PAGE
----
Harmful algal blooms in the Gulf of Mexico : brevetoxin degradation and derivation formation via photochemical processes

UNCW Author/Contributor (non-UNCW co-authors, if there are any, appear on document)
Ron C. Hardman (Creator)
The University of North Carolina Wilmington (UNCW )
Web Site: http://library.uncw.edu/
Daniel Baden

Abstract: Harmful algal blooms (HAB’s) of the dinoflagellate Karenia brevis (Gymnodinium breve) are recurring events in the Gulf of Mexico (GOM) which have significant adverse human health, environmental and economic impacts. Brevetoxins (PbTx), produced by K. brevis, are potent neurotoxins and during HAB events are responsible for mass morbidity and mortality in fish, birds and marine mammals and the causative agent(s) of Neurotoxic Shellfish Poisoning (NSP) in humans. Brevetoxin exposure (inhalation or oral) results in systemic distribution of the toxin to all bodily tissues with a variety pathophysiological sequelae. Current evidence suggests that, in addition to the known acute toxicological effects on cardiovascular, neuromuscular, and respiratory systems, chronic brevetoxin exposure may result in immunosuppression and toxicity to the hemopoietic and thermoregulatory systems. Brevetoxin (PbTx1) has recently been shown to be teratogenic in fish embryo studies. While acute effects of brevetoxin exposures have been studied over the last two decades, far less is known about the effects of chronic/repeated brevetoxin exposure on humans and marine wildlife and little is understood about the transport and fate of brevetoxins in the environment (water, air, sediments, and selected biota). In order to apply effective risk assessment and develop accurate and reliable detection methodologies, greater knowledge of the transport and fate of brevetoxins in the environment are needed. These findings suggest solar radiation plays a significant role in the mediation of brevetoxin (PbTx2) degradation and brevetoxin derivative formation. Hence, it suggested that photochemistry may play a critical role in the transport and fate of brevetoxin(s) in the environment.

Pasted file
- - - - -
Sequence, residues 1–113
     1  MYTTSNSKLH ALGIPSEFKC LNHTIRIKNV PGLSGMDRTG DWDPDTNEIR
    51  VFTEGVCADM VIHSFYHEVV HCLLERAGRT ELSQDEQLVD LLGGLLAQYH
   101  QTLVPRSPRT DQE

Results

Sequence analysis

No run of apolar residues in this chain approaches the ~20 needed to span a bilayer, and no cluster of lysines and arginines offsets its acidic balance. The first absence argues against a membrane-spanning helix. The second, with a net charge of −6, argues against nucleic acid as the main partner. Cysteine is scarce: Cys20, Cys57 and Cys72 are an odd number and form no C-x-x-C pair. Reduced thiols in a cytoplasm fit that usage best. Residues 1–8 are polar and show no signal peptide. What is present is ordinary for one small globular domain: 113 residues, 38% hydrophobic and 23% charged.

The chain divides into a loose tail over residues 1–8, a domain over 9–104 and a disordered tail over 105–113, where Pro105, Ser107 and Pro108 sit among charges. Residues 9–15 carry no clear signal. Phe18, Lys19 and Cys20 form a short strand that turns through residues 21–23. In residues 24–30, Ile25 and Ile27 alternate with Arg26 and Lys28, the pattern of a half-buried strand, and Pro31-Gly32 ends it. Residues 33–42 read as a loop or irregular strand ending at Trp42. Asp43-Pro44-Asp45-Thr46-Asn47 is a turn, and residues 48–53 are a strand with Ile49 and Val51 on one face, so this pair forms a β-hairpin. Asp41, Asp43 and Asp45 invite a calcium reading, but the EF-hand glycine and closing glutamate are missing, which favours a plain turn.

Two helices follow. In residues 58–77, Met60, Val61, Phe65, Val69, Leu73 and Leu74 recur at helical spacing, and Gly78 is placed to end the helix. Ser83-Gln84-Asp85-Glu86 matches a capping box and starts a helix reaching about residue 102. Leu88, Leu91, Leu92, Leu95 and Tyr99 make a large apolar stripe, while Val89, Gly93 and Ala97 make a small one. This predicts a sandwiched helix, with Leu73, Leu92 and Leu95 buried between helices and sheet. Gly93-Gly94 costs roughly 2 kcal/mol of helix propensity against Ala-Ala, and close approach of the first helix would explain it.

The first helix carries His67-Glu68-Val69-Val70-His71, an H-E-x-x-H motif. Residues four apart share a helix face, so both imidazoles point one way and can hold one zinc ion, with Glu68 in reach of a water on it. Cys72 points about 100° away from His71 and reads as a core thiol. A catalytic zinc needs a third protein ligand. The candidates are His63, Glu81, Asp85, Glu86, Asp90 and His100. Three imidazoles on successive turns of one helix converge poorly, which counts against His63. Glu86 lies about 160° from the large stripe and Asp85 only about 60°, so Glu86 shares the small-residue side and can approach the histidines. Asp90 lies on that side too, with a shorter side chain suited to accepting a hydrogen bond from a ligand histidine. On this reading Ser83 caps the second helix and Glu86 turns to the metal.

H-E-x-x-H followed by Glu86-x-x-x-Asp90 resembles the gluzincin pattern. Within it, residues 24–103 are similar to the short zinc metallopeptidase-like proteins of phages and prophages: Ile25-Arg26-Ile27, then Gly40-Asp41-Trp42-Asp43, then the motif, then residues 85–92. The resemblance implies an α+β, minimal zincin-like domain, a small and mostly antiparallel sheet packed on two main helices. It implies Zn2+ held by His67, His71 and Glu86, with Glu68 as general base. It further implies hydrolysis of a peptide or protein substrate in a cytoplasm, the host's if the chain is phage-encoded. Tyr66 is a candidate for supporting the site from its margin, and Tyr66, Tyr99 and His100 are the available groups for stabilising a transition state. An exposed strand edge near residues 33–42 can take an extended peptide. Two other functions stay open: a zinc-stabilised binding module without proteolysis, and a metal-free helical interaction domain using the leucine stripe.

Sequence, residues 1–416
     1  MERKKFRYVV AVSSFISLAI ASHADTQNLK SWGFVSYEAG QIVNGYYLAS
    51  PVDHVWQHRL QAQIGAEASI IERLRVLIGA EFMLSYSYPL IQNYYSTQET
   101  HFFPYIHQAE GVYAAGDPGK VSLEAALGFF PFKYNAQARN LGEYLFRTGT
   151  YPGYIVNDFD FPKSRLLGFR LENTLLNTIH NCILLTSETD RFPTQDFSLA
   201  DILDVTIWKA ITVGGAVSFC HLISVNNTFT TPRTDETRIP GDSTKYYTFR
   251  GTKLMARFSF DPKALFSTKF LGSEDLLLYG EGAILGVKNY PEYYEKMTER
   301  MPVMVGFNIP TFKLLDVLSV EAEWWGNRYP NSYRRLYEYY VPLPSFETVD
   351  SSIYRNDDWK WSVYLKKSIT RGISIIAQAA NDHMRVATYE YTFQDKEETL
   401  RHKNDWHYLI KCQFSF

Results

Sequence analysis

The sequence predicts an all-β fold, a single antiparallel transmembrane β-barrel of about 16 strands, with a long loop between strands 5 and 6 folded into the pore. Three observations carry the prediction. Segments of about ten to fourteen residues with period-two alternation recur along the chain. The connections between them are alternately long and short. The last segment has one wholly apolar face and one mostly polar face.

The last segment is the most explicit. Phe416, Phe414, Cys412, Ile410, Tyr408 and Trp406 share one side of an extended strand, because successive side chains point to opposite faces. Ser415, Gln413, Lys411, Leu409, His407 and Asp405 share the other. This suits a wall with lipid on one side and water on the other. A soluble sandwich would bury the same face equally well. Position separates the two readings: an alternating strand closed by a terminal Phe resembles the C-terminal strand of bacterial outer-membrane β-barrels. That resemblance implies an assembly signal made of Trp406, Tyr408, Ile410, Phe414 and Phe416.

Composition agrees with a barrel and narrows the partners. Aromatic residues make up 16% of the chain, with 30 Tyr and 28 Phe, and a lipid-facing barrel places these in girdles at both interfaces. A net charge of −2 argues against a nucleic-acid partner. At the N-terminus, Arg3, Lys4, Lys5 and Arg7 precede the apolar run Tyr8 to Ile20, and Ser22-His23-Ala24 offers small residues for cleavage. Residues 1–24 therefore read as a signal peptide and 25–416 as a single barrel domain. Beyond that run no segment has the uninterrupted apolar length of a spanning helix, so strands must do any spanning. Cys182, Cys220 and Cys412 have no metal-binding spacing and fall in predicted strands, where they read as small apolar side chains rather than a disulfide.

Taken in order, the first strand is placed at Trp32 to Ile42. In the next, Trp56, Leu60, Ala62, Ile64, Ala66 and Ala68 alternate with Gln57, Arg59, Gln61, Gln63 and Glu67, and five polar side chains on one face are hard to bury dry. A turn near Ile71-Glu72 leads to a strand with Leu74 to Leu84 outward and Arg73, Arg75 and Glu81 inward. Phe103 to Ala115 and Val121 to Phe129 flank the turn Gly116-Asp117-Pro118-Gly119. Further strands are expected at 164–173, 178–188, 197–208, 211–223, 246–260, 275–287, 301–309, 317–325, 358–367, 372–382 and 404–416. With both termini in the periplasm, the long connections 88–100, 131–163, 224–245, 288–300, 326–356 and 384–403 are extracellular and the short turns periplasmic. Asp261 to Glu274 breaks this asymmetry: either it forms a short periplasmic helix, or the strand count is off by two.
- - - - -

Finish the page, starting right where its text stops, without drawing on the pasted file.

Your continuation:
Additional Information

A Thesis Submitted to the University of North Carolina Wilmington in Partial Fulfillment of the Requirements for the Degree of Master of Science
Language: English
Date: 2009
Algal blooms--Research--Mexico Gulf of , Algal blooms--Toxicology , Ptychodiscus brevis , Toxic algae--Toxicology
Ptychodiscus brevis
Toxic algae -- Toxicology
Algal blooms -- Toxicology
Algal blooms -- Research -- Mexico, Gulf of

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